• Wiita, A.P., Ainavarapu, S.R.K., Huang, H.H. and Julio M. Fernandez (2006) Force dependent chemical kinetics of disulfide bond reduction observed with single molecule techniques Proc Natl Acad Sci USA 103(19): 7222-7. Article
  • Fernandez, J.M. and Li, H. B (2004) Force-clamp spectroscopy monitors the folding trajectory of a single protein Science 303: 1674-1678. Article
  • Carrion-Vazquez, M.; Li, H.; Lu, H.; Marszalek, P. E.; Oberhauser, A. F.; Fernandez, J. M (2003) The mechanical stability of ubiquitin is linkage dependent Nature Structural Biology 10(9): 738-43. Article
  • Li, H. B.; Linke, W. A.; Oberhauser, A. F.; Carrion-Vazquez, M.; Kerkvliet, J. G.; Lu, H.; Marszalek, P. E.; Fernandez, J. M (2002) Reverse engineering of the giant muscle protein titin Nature 418: 998-1002. Article
  • Li, H., Carrion-Vazquez, M., Oberhauser, A.F., Marszalek, P.E. and Fernandez, J.M (2000) Point mutations alter the mechanical stability of immunoglobulin modules Nature Structural. Biology 7(12): 1117-1120. Article
  • Marszalek, P.E., Lu, H., Li, H., Carrion-Vazquez, M., Oberhauser, A.F., Schulten, K. and Fernandez, J.M (1999) Mechanical unfolding intermediates in titin modules Nature 402: 100-103. Article
  • Oberhauser, A.F., Marszalek, P.E., Carrion-Vazquez, M., and Fernandez, J.M (1999) Single protein misfolding events captured by atomic force microscopy Nature Struct.Biol 6: 1025-1028. Article
  • Carrion-Vazquez, M., Oberhauser, A.F., Fowler, S.B., Marszalek, P.E., Broedel, S.E.,Clarke, J., and Fernandez, J.M. (1999) Mechanical and chemical unfolding of a single protein: a comparison. Proc. Natl. Acad. Sci 96: 3694-3699. Article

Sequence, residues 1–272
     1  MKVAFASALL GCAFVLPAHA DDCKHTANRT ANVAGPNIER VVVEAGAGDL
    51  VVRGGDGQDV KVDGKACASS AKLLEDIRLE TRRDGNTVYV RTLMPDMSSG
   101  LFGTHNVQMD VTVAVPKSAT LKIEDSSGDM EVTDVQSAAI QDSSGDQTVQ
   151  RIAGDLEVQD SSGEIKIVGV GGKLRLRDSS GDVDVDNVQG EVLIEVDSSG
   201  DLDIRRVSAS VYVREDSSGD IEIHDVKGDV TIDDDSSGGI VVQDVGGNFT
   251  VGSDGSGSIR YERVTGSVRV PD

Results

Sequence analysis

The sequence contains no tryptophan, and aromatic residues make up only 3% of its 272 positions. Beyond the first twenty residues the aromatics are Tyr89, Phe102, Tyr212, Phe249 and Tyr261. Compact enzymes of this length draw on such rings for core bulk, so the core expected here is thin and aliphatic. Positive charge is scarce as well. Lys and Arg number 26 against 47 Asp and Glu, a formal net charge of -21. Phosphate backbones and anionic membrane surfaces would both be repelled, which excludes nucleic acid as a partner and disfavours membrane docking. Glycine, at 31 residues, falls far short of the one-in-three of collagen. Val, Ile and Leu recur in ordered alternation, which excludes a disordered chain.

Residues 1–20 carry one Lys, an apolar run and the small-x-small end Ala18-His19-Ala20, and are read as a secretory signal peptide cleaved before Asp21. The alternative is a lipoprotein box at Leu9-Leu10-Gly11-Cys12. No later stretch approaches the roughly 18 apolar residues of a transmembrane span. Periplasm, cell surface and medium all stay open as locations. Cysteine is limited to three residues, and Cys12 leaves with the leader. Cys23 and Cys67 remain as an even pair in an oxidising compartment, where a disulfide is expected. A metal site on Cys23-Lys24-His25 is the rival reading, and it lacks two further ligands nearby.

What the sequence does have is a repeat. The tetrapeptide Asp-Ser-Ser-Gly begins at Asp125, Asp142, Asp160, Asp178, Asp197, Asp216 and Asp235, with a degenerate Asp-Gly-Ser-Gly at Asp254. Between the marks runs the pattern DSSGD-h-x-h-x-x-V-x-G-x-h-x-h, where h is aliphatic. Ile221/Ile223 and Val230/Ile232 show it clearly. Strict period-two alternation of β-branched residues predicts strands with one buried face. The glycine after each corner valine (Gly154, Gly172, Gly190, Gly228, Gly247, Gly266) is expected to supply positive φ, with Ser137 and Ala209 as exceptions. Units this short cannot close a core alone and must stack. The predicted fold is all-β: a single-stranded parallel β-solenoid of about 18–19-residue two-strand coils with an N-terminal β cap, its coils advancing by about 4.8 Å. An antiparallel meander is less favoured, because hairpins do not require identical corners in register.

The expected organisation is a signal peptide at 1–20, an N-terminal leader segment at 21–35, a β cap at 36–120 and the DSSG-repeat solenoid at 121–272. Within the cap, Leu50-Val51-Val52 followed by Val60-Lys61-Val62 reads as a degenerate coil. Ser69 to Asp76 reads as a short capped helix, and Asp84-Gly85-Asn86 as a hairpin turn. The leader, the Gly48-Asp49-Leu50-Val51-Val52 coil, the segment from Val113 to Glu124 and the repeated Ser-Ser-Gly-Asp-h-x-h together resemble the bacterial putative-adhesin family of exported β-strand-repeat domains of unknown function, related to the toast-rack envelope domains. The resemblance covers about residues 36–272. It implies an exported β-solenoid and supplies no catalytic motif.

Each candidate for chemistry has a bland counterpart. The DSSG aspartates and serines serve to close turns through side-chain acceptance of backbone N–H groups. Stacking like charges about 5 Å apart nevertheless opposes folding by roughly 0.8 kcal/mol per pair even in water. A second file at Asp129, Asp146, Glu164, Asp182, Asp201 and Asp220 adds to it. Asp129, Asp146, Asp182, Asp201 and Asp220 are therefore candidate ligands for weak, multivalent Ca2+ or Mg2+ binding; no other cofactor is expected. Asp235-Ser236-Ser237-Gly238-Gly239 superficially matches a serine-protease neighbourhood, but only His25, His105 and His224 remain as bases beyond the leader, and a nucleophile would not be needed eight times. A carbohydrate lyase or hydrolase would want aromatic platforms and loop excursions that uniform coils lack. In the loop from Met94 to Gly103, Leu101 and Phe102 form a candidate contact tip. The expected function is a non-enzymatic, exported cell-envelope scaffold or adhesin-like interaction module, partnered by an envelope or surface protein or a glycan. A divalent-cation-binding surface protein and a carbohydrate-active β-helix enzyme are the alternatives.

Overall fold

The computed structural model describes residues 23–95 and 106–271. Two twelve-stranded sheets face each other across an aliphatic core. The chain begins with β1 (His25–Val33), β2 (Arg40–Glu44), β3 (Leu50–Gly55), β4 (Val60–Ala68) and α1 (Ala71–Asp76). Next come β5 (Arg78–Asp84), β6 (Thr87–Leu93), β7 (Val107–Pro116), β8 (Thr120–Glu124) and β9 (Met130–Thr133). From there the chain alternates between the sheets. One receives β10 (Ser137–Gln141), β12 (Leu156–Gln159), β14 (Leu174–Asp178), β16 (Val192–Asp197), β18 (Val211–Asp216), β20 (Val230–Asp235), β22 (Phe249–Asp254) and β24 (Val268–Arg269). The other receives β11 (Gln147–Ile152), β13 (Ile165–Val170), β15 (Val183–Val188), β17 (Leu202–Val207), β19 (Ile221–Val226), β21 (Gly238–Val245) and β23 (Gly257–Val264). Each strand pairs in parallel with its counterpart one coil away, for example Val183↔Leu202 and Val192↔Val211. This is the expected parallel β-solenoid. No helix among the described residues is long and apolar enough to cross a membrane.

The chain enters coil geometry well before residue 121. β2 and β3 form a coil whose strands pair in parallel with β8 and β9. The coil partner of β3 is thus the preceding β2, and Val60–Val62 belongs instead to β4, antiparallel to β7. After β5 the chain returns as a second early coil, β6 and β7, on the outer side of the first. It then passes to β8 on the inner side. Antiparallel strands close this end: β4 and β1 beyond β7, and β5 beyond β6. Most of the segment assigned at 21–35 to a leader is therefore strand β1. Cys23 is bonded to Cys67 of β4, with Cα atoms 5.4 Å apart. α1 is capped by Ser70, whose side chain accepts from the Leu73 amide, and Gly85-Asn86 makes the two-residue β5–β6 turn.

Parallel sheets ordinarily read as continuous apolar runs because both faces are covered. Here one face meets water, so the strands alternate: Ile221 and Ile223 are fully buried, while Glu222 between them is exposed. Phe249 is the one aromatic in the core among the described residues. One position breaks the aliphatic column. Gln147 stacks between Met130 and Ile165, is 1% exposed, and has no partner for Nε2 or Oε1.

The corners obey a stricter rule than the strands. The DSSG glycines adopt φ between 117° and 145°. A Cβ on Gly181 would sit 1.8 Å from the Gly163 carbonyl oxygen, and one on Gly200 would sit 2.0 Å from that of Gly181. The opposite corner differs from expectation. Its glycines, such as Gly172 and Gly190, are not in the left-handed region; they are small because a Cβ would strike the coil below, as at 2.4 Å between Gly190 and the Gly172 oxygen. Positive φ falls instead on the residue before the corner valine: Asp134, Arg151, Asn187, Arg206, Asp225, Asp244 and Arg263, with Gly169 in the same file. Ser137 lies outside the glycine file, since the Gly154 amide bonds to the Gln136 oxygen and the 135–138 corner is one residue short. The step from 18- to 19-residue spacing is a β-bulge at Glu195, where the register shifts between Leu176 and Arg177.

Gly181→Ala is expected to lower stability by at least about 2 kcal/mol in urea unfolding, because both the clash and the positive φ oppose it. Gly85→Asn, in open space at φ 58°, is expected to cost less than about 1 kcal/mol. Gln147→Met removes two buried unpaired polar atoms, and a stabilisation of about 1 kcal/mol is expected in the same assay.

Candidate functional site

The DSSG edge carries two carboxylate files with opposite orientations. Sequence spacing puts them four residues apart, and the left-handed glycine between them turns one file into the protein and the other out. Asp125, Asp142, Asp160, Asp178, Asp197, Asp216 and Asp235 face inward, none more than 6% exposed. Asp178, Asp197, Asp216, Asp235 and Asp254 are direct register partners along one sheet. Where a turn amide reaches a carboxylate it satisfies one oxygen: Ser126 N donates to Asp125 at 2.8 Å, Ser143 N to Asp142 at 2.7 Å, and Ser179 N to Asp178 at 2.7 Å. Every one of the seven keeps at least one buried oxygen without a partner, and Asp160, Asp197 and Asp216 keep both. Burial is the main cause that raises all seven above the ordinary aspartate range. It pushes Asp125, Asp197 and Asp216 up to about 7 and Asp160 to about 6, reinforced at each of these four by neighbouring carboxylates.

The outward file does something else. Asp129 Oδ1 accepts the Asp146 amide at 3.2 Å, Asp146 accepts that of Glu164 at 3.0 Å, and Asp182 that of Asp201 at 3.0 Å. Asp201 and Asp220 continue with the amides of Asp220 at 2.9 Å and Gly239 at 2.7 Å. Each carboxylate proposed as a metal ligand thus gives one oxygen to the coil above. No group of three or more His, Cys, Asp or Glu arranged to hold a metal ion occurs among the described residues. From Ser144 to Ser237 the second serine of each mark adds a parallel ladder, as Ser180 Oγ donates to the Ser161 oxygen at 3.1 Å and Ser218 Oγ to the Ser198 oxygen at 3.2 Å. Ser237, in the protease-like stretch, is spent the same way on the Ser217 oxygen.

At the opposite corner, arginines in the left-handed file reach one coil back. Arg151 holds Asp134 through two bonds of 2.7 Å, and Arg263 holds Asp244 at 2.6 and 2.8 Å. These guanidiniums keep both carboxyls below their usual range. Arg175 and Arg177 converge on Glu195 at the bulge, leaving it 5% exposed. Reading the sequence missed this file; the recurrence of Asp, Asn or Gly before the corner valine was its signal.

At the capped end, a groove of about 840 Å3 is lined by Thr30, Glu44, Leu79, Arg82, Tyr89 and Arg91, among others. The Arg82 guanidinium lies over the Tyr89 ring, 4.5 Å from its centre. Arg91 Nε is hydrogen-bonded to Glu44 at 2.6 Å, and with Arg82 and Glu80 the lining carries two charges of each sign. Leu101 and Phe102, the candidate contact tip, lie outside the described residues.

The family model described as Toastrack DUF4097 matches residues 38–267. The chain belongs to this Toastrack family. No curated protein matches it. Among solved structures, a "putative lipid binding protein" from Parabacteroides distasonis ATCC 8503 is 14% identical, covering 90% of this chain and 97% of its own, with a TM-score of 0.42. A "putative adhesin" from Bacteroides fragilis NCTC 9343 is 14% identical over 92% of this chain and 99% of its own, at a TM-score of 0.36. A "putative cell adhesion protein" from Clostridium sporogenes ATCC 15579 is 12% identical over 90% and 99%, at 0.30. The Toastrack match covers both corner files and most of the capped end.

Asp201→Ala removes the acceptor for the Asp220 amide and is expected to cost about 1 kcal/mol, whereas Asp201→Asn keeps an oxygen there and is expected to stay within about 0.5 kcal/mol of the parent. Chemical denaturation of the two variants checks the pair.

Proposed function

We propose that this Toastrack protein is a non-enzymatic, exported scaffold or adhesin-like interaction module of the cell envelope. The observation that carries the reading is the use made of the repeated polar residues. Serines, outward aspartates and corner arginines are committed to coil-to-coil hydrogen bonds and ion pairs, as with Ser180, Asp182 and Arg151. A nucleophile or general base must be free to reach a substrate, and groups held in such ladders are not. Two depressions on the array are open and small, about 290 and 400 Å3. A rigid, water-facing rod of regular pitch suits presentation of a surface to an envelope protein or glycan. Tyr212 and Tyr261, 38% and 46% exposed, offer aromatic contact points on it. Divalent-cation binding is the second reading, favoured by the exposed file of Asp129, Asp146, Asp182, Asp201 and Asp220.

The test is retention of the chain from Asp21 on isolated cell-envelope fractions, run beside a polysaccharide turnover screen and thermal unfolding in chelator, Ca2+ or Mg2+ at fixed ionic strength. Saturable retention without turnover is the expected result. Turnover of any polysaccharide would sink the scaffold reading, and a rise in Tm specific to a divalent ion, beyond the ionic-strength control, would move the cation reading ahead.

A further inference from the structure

• Marszalek, P.M., Oberhauser, A.F., Pang, Y.-P., and Fernandez, J.M. (1998) Polysaccharide elasticity governed by chair-boat transitions of the glucopyranose ring Nature 396: 661-664. Article
  • Oberhauser, A.F., Marszalek, P.E., Erickson, H.P., and Fernandez, J.M (1998) The molecular elasticity of tenascin, an extracellular matrix protein Nature 393: 181-185. Article
  • Rief, M., Gautel, M., Oesterhelt, F., Fernandez, J.M. and Gaub, H.E (1997) Reversible unfolding of individual titin immunoglobulin domains by AFM Science 276: 1109-1112. Article
  • Rahamimoff, R., and Fernandez, J.M (1997) Pre-and postfusion regulation of transmitter release Neuron 18: 17-27.
  • Robinson, I.M., Finnegan, J.M., Monck, J.R., Wightman, R.M. and Fernandez, J.M (1995) Colocalisation of calcium entry and exocytotic release sites in adrenal chromaffin cells Proc. Natl. Acad. Sci USA 92: 2474-2478. Article
  • Escobar, A.L., Monck, J.R., Fernandez, J.M. and Vergara, J.L (1994) Localization of the site of Ca2+ release at the level of a single sarcomere in skeletal muscle fibers Nature 367: 739-741.
  • Nanavati, C., and Fernandez, J.M. (1993) The secretory granule matrix: a fast acting smart polymer Science 259: 963-965. Article
  • Monck, J.R., Alvarez de Toledo, G. and Fernandez, J.M (1990) Tension in secretory granule membranes causes extensive membrane transfer through the exocytotic fusion pore Proc. Natl. Acad. Sci 87: 7804-7808. Article
  • Lindau, M. and Fernandez, J.M. (1986) IgE-mediated degranulation of mast cells does not require opening of ion channels Nature 319: 150-153. Article
  • Schroeder, J.I., Hedrich, R. and Fernandez, J.M. (1984) Potassium-selective single channels in guard cell protoplast of Vicia faba Nature 312: 361-362. Article
  • Fernandez, J.M., Neher, E. and Gomperts, B.D. (1984) Capacitance measurements reveal stepwise fusion events in degranulating mast cells Nature 312: 453-455. Article